Medical doctors refer to the disease as nocturnal enuresis, and say it is common in children.
Up to 25 percent of children aged four, who should have developed bladder control, and an estimated 10 percent of South African children aged four to 15 years, wet their beds.
Research showed that delayed growth, a small bladder, deep sleep, emotional or social factors and too little antidiuretic hormone caused bedwetting.
Bedwetting expert, Doctor Michael Mol, said bedwetting had a serious impact on a child’s self-esteem, emotional well-being and day-time functioning, including school and social performance.
Mol added that bedwetting was also linked to delays in physiological development. “Children are unique and each child develops at a different pace. It could also stem from being in a very deep sleep or a bowel issue like constipation,” he said.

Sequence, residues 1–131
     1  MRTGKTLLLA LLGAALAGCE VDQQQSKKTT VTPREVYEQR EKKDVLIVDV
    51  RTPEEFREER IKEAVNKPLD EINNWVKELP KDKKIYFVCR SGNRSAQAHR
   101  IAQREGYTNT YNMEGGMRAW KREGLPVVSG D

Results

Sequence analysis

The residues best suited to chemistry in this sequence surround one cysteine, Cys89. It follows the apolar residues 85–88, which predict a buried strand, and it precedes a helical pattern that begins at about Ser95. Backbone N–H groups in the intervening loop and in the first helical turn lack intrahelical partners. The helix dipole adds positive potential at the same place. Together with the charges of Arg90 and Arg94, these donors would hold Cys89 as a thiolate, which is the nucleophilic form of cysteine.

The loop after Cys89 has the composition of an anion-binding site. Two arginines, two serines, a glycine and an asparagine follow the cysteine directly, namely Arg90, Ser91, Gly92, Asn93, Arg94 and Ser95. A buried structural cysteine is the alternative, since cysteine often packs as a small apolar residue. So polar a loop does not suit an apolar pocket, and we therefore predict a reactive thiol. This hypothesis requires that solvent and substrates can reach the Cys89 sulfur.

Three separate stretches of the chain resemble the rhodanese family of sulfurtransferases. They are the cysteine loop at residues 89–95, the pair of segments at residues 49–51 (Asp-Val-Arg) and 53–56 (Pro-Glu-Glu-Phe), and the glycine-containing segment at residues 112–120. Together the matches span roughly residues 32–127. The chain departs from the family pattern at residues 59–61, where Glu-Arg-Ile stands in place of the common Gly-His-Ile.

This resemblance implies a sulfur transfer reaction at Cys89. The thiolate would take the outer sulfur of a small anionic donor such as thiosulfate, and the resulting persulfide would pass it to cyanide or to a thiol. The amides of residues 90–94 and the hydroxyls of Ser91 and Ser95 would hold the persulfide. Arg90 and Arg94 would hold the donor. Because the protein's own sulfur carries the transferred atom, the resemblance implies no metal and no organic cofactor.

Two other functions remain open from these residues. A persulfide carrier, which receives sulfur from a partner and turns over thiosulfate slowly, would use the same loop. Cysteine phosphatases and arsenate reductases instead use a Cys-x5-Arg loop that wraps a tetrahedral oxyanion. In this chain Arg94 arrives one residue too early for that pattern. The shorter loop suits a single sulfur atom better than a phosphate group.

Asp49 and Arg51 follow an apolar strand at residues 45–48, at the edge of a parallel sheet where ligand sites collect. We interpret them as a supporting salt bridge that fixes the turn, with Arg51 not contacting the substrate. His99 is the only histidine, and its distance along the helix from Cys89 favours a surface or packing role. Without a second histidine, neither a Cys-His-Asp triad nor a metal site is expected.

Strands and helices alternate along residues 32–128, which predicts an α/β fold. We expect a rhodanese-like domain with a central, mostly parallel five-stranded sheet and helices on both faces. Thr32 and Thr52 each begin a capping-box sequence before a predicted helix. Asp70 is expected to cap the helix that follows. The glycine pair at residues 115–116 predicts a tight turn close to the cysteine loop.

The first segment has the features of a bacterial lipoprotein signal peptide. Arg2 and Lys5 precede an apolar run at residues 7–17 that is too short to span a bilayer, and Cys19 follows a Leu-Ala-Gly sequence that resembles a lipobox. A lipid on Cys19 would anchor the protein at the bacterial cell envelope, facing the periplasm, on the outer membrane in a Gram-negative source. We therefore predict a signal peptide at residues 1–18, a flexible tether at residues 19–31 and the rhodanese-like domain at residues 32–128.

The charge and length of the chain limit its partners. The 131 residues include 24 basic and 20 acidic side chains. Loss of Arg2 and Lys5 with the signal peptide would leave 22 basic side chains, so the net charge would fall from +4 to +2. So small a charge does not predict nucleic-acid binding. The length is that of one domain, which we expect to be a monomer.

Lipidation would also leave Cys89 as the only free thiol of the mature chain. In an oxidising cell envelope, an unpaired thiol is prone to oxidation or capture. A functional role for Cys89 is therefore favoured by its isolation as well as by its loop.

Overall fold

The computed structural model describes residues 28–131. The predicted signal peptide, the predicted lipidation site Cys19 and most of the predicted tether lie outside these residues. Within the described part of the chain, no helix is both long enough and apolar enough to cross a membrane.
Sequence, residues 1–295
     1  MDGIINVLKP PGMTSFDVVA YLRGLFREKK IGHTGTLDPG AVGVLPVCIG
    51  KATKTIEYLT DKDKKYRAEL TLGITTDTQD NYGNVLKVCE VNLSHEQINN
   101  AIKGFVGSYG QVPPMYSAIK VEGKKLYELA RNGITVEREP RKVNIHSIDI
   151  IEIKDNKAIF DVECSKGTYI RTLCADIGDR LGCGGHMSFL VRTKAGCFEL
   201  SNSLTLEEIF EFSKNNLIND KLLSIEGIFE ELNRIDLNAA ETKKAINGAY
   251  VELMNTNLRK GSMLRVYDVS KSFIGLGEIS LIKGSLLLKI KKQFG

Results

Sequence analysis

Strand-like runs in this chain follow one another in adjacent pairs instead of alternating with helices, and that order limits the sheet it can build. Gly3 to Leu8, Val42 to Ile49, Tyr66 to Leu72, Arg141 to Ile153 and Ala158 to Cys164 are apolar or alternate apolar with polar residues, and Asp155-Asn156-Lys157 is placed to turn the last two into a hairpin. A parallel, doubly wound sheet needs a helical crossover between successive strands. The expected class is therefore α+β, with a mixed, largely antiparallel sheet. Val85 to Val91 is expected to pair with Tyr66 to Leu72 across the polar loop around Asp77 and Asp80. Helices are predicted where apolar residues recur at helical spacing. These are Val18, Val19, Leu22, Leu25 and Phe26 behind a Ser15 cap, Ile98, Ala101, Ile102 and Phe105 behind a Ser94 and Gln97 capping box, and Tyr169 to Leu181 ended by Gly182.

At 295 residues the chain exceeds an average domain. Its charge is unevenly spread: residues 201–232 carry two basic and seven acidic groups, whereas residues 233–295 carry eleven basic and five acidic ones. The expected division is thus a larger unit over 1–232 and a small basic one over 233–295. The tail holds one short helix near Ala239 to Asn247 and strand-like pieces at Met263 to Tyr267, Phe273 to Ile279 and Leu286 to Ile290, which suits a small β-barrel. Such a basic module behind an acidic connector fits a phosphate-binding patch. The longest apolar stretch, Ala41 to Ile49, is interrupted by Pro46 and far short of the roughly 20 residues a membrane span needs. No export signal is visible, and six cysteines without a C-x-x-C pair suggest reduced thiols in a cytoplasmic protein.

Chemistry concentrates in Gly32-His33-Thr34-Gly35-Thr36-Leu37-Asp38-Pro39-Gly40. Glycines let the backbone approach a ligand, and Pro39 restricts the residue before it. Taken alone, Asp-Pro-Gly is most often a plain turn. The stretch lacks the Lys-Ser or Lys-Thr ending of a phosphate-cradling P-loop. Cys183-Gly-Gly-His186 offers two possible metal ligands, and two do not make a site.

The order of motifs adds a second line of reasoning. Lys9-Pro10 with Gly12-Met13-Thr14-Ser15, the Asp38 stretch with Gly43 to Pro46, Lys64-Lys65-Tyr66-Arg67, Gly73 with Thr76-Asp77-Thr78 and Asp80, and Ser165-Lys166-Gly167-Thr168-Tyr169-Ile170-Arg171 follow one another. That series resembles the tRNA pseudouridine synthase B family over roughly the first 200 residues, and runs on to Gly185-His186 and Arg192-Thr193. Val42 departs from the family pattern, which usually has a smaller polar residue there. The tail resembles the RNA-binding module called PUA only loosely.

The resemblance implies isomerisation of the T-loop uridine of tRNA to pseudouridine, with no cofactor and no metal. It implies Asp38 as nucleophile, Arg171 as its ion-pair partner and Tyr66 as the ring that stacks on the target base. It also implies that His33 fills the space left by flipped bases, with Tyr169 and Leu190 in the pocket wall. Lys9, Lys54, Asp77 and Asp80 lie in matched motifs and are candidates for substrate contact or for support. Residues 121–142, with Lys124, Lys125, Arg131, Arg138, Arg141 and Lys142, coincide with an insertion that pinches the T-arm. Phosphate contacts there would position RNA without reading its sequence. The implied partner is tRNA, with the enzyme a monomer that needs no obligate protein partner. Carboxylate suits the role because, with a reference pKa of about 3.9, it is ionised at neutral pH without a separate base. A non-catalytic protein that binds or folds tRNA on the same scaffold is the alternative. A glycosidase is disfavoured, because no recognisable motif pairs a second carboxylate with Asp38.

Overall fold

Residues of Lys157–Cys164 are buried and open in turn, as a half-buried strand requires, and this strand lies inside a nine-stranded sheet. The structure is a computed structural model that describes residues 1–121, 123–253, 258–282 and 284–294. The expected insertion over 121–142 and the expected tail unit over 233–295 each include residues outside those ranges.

The problem could also be caused by psychological problems that resulted from issues at school or a change in family dynamics, he said.
“Children are not conscious when bedwetting occurs, which means that they are naturally unaware and not in control of their bladders at the time.
“The best thing a parent can do for a child who experiences bedwetting is not to make a big deal when it happened, and to reassure the child that it was just an accident,” Mol said.
Even after thorough research, there was still no medication that could stop bedwetting – the only solution was for children to outgrow it.
And parents were advised to be patient with their children as their support could help speed up children outgrowing their problem.
World Bedwetting Day was first launched in 2015 by the International Children’s Continence Society and the European Society for Paediatric Urology.